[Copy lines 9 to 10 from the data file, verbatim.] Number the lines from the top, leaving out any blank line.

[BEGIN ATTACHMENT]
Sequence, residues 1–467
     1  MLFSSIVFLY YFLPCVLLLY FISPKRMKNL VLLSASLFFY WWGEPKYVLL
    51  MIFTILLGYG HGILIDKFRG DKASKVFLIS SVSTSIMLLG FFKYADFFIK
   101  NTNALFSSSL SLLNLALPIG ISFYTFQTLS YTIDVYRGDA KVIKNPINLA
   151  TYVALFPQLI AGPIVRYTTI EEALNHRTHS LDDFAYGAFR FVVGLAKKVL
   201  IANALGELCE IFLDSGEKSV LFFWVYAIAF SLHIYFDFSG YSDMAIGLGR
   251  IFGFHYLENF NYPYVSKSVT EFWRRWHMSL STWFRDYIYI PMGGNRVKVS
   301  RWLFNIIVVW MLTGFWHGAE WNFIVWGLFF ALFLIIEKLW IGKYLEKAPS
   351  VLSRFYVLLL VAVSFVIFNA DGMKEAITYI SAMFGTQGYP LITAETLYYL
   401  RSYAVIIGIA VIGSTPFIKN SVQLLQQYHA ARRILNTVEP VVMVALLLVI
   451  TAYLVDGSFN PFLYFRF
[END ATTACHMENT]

   351  VLSRFYVLLL VAVSFVIFNA DGMKEAITYI SAMFGTQGYP LITAETLYYL
   401  RSYAVIIGIA VIGSTPFIKN SVQLLQQYHA ARRILNTVEP VVMVALLLVI